Hindu texts are classified into Śruti ("heard") and Smṛti ("remembered"), the major scriptures of which are the Vedas, the Upanishads, the Purānas, the Mahābhārata, the Rāmāyana, and the Āgamas.[18][22] There are six āstika schools of Hindu philosophy, who recognise the authority of the Vedas, namely Sānkhya, Yoga, Nyāya, Vaisheshika, Mimāmsā and Vedānta.[23][24][25] While the Puranic chronology presents a genealogy of thousands of years, starting with the Vedic rishis, scholars regard Hinduism as a fusion[note 6] or synthesis[26][note 7] of Brahmanical orthopraxy[note 8] with various Indian cultures,[27][note 9] having diverse roots[28][note 10] and no specific founder.[29] This Hindu synthesis emerged after the Vedic period, between c. 500[30]–200[31] BCE and c. 300 CE,[30] in the period of the Second Urbanisation and the early classical period of Hinduism, when the Epics and the first Purānas were composed.[30][31] It flourished in the medieval period, with the decline of Buddhism in India.[32]

Currently, the four largest denominations of Hinduism are Vaishnavism, Shaivism, Shaktism, and Smartism.[33][34] Sources of authority and eternal truths in the Hindu texts play an important role, but there is also a strong Hindu tradition of questioning authority in order to deepen the understanding of these truths and to further develop the tradition.[35] Hinduism is the most widely professed faith in India, Nepal and Mauritius. Significant numbers of Hindu communities are found in Southeast Asia including in Bali, Indonesia,[36] the Caribbean, North America, Europe, Oceania, Africa, and other regions.[37][38]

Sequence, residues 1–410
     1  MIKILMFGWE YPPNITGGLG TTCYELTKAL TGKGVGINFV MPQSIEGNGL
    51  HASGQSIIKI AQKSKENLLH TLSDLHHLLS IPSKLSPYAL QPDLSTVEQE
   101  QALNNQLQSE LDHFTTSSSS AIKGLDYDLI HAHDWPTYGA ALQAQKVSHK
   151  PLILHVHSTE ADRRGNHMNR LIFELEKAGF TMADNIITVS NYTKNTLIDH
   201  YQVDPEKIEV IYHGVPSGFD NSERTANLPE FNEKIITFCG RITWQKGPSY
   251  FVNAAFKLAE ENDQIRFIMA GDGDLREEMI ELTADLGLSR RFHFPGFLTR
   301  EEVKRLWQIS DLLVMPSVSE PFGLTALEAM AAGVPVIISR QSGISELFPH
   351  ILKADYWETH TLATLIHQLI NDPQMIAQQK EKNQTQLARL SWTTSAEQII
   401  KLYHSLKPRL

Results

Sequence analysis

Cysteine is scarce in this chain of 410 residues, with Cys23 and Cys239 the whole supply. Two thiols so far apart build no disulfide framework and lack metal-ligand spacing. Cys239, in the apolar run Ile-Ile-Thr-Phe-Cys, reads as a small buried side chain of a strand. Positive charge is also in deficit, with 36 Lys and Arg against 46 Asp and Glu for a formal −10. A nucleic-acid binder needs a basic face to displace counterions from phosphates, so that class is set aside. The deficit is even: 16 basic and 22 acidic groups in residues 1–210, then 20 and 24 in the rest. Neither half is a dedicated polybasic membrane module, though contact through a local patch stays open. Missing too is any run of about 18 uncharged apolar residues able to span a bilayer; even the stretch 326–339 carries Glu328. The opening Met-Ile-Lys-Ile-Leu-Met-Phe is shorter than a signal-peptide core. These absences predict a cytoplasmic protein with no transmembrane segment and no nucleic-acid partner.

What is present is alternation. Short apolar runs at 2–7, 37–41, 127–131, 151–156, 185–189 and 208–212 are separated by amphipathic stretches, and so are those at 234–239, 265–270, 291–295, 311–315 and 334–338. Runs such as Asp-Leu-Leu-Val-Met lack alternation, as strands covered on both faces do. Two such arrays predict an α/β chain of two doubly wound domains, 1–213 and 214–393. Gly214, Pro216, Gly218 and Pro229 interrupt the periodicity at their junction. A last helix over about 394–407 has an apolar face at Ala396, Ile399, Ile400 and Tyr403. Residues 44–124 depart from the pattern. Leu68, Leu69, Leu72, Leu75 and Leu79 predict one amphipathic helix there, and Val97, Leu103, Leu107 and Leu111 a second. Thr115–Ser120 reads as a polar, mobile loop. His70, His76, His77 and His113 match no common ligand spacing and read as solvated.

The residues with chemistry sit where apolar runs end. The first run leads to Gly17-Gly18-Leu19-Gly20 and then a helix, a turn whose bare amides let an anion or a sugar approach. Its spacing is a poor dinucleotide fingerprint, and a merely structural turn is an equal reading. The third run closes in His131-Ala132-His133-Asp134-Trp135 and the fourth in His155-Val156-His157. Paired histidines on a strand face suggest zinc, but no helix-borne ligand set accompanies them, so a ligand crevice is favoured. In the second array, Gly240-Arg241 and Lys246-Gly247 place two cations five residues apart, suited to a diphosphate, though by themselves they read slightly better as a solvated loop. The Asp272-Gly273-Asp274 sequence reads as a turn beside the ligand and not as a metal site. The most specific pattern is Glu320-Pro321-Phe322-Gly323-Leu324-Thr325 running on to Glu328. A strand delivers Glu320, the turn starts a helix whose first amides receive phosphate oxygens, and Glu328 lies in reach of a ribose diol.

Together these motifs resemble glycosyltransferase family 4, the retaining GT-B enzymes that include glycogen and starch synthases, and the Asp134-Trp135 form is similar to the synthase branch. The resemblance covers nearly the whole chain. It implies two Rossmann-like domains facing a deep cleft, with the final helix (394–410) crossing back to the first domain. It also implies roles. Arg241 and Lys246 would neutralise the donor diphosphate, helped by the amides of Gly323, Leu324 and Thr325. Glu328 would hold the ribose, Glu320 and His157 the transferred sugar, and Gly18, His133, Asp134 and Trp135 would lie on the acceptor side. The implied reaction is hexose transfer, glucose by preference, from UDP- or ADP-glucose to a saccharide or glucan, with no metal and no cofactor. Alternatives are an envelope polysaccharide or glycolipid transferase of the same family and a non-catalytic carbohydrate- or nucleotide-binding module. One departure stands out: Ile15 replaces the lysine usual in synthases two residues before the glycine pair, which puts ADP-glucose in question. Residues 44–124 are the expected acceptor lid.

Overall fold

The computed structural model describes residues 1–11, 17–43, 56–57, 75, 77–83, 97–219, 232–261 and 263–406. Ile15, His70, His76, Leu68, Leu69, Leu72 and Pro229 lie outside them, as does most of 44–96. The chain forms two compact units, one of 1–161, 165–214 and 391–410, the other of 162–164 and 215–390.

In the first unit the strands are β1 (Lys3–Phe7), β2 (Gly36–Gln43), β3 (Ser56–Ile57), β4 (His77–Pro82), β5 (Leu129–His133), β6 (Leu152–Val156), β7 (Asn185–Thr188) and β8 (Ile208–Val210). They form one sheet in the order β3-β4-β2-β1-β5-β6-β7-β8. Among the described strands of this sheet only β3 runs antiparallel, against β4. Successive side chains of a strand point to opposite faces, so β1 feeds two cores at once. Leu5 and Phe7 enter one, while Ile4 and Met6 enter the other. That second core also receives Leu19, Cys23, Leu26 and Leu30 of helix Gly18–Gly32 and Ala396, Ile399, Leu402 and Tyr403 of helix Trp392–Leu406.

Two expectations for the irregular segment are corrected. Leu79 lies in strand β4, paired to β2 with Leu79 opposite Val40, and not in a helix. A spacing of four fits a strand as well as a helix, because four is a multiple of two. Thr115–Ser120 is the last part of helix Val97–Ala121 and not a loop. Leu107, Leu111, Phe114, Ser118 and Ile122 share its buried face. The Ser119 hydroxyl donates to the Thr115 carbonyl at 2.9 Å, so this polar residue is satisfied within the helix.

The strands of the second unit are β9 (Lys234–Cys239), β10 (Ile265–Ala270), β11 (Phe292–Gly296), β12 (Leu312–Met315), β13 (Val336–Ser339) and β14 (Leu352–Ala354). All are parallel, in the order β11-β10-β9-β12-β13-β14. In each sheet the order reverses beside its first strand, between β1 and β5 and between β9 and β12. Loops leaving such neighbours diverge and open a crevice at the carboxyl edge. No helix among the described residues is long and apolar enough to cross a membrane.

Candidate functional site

1. ^ "Hinduism". Merriam-Webster Dictionary. Retrieved 19 April 2021.
  2. ^ "Hindu Countries 2021". World Population Review. 2021. Retrieved 2 June 2021.
  3. ^ Siemens & Roodt 2009, p. 546.
  4. ^ Leaf 2014, p. 36.
  5. ^ Knott 1998, pp. 3, 5.
  6. ^ Hatcher 2015, pp. 4–5, 69–71, 150–152.
  7. ^ Bowker 2000.
  8. ^ Harvey 2001, p. xiii.
  9. ^ Smith, Brian K. (1998). "Questioning Authority: Constructions and Deconstructions of Hinduism". International Journal of Hindu Studies. 2 (3): 313–339. doi:10.1007/s11407-998-0001-9. JSTOR 20106612. S2CID 144929213.